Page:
No clear winner in Swedish party leader debate
James Savage · 25 May 2005, 13:45
Published: 25 May 2005 13:45 GMT+02:00
Fredrik Reinfeldt used the debate to attack Persson repeatedly for the high number of Swedes who do not go to work, whether due to unemployment, sick leave or early retirement. The Moderate Party leader claimed that Persson’s government was “satisfied that so many people are living on welfare, but has dropped the idea that work is the basis for welfare.”
Reinfeldt claimed that a government led by him would give people influence over their own lives, and make getting a job more worthwhile for “the 1.5 million people who are currently excluded.”
Persson responded that Moderates wanted to “drastically reduce benefits for the sick and unemployed to 60 or 65 percent [of their final salary], in order to pay for tax cuts.”
“But how do you get more jobs by cutting unemployment benefits, and how does a sick person become well if his or her financial situation is made worse,” Persson asked.
Reinfeldt hit back at Persson, saying that he was “always bashing the old right-wing bogeyman, as he learned to do in the SSU,” referring to Persson’s time in the Social Democrats’ scandal-hit youth movement.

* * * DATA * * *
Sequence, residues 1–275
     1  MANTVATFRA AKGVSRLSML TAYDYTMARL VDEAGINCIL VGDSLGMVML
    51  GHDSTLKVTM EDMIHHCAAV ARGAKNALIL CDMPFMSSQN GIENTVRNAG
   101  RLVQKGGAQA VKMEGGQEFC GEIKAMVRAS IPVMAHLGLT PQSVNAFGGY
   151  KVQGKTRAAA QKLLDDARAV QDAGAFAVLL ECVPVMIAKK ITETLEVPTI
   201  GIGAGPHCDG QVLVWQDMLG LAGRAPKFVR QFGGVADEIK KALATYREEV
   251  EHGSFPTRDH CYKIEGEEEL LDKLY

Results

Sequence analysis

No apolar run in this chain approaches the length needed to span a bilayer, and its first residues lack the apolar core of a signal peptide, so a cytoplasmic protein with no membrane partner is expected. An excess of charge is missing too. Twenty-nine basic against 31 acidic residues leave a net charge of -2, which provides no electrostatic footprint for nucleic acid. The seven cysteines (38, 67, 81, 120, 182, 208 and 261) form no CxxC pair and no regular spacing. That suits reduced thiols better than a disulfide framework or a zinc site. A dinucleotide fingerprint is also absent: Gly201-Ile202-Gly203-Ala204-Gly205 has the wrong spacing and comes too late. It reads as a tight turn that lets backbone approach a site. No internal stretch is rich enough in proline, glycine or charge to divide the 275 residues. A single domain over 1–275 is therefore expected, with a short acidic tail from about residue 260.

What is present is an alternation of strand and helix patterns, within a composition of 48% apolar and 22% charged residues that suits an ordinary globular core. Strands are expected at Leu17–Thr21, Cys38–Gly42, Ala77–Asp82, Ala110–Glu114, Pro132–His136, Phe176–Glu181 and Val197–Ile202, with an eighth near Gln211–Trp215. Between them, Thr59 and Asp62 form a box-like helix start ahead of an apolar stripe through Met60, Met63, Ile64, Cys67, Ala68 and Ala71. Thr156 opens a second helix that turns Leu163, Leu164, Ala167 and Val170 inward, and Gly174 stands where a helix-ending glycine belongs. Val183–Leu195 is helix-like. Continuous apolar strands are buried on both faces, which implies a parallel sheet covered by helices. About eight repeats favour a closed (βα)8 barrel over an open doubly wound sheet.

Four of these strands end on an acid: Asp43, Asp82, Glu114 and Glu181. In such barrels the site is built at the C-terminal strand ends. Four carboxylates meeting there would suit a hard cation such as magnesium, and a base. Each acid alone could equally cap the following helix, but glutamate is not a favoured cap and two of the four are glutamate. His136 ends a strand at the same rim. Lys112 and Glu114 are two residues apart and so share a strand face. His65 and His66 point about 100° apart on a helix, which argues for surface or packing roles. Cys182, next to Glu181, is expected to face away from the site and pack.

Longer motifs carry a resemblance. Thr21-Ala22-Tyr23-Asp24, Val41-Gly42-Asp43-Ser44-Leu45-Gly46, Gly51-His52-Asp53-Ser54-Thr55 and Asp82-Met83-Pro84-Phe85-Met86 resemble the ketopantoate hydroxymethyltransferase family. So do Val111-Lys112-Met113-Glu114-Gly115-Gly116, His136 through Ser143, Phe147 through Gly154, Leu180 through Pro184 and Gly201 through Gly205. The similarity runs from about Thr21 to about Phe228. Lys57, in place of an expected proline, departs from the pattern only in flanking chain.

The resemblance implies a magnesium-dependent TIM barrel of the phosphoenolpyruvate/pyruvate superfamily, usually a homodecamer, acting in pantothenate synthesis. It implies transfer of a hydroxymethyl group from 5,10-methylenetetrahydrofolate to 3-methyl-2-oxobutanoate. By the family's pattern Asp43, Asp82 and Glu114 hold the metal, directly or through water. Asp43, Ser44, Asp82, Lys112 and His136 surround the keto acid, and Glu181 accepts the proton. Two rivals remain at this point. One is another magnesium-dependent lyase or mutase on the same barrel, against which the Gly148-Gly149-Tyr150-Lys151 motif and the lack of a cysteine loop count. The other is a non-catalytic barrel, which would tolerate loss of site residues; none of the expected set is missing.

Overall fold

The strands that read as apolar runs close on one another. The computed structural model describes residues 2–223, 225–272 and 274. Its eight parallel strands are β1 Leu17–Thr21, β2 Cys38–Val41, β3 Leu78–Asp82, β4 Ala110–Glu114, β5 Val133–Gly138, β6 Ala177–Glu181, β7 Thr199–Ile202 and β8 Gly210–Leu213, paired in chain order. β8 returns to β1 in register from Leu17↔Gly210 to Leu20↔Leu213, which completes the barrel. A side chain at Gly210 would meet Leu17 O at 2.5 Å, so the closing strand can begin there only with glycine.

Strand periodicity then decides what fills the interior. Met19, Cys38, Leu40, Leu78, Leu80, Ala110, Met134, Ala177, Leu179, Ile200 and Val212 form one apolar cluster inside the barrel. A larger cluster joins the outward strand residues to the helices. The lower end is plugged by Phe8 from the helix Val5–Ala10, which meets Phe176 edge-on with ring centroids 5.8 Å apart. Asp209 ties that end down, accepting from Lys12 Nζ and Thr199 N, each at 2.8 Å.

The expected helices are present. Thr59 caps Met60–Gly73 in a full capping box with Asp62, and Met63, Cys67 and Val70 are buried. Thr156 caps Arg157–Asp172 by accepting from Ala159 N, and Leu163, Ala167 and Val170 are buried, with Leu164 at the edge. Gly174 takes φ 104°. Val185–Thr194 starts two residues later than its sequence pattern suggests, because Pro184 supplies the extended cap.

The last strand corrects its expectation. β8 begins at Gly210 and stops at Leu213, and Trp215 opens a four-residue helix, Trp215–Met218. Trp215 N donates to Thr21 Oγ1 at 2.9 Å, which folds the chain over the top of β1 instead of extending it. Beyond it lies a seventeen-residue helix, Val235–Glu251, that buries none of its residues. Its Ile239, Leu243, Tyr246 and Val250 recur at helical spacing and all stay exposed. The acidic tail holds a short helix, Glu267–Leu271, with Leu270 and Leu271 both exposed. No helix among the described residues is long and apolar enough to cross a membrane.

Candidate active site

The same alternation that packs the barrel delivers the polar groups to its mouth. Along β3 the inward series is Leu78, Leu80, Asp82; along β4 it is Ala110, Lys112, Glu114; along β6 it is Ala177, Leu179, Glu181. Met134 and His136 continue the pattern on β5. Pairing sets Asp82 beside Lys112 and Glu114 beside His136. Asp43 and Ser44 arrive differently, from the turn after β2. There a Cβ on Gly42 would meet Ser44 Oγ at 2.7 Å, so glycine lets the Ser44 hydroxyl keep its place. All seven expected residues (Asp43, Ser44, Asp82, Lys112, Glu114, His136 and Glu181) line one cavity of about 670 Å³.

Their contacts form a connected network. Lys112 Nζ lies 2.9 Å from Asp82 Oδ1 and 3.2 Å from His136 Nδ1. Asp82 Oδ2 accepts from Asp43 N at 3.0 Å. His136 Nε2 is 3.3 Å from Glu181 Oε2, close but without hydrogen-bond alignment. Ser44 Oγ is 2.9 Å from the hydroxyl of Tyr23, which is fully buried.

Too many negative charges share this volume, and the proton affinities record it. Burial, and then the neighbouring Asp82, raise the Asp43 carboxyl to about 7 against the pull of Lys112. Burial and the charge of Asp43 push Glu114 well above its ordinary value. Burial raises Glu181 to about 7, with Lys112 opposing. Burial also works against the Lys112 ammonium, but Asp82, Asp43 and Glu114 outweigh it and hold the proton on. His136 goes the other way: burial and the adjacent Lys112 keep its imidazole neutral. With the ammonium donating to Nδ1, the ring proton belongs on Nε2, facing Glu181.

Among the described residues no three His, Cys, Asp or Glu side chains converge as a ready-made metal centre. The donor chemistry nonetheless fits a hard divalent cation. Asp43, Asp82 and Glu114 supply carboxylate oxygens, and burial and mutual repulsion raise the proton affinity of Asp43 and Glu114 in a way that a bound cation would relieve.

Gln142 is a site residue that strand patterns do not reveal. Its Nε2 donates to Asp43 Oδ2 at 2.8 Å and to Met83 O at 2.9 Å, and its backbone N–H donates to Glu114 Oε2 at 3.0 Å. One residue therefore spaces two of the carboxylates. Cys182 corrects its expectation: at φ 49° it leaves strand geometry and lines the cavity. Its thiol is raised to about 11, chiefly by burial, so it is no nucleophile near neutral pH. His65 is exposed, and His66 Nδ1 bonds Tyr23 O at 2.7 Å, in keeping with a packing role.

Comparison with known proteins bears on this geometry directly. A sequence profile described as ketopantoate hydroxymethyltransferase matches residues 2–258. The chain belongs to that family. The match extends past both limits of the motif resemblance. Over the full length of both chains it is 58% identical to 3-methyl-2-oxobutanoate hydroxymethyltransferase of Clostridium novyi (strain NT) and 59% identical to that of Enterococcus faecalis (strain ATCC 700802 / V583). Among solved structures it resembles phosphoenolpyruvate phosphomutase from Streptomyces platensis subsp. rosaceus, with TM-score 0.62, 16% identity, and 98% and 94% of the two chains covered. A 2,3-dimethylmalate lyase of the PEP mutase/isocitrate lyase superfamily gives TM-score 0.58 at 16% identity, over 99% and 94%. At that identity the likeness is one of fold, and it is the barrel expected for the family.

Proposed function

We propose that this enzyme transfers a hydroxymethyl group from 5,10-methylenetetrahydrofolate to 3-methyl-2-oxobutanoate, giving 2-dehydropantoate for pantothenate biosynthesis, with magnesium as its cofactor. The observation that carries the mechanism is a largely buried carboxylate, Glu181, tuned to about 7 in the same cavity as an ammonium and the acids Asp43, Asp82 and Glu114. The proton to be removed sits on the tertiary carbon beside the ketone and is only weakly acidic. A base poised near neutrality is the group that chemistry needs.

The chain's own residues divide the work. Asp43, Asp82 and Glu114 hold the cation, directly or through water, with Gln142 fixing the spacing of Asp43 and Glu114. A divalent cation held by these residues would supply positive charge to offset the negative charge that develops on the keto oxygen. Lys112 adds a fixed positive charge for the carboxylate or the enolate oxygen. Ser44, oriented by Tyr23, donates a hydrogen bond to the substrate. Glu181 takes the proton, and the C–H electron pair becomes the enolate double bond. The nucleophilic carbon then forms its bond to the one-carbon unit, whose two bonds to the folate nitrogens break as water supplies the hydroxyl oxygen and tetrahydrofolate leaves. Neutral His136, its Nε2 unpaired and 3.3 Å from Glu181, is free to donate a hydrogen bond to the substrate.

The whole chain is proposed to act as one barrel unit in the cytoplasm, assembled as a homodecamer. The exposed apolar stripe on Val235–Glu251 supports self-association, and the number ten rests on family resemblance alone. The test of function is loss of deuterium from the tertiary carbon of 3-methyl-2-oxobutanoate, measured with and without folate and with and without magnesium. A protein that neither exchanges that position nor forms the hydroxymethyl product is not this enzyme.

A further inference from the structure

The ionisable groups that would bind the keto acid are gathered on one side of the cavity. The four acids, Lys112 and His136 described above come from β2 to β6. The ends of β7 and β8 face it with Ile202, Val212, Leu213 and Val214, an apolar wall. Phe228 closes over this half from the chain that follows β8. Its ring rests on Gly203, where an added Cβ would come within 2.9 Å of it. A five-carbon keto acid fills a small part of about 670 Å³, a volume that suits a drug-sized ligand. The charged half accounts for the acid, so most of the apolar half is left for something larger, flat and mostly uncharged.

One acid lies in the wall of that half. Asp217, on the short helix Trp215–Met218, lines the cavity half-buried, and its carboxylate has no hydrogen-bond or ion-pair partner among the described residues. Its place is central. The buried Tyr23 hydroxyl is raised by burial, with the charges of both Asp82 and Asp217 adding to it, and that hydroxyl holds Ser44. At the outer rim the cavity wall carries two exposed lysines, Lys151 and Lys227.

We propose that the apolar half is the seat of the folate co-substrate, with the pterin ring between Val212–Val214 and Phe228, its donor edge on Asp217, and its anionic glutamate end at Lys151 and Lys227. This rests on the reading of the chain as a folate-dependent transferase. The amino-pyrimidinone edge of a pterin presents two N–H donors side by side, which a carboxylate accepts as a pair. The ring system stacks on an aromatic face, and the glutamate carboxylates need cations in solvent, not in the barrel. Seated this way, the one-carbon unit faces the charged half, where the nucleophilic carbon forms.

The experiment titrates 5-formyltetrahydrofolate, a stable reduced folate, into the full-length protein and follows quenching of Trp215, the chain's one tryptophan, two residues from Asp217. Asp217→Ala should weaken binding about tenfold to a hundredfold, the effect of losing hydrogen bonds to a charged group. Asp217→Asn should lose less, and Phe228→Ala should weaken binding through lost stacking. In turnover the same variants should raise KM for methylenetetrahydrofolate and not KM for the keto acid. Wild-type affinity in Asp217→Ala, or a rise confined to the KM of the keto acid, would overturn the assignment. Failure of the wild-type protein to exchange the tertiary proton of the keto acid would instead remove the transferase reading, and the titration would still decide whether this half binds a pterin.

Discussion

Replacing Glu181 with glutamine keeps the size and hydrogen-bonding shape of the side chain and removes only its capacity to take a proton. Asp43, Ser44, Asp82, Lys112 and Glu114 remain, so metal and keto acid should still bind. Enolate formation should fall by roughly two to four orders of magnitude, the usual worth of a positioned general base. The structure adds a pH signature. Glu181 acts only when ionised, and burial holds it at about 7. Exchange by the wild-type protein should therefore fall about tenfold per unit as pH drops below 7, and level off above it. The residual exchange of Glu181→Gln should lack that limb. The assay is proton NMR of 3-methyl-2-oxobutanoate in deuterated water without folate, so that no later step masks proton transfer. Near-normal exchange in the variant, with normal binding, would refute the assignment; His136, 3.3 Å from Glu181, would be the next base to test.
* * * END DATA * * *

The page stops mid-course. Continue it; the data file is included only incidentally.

The Moderate leader said that the Social Democrats had taken benefits for the early-retired down to 64 percent of final salary. He also claimed that Persson had “given himself a tax cut of over 100,000k kronor.” Persson replied that this was the result of a reversal of tax rises that he had always intended to be temporary.
The debate rarely ventured out of the areas of tax, welfare and unemployment. Persson’s attempt to question the unity of the centre-right alliance appeared to backfire when Reinfeldt attacked the Social Democrats’ reliance on a loose alliance with the Greens and “a Left Party whose leader calls himself a communist”.
Reinfeldt also brought up the question of Persson’s future as the leader of the Social Democrats. At the end of the debate, in an apparent aim to scare the floating voter, Reinfeldt asked whether a vote for Göran Persson was really a vote for Göran Persson, “or is there a risk that we’ll wake up with Pär Nuder?”
The debate came about after much American-style posturing by the parties, which had argued about whether the leaders should sit or stand (they stood), and whether the programme should be led by a man or a woman (both parties requested a female presenter, but SVT refused, and gave the job to seasoned presenter Lars Adaktusson).
Yet after all the fuss, it was hard to see that the debate had made much difference for either side. A poll released just after the debate showed that viewers were split almost equally in their views of the two men. When Sifo asked 1,000 people who they thought had won the debate, 24 percent said Reinfeldt, 23 percent Persson.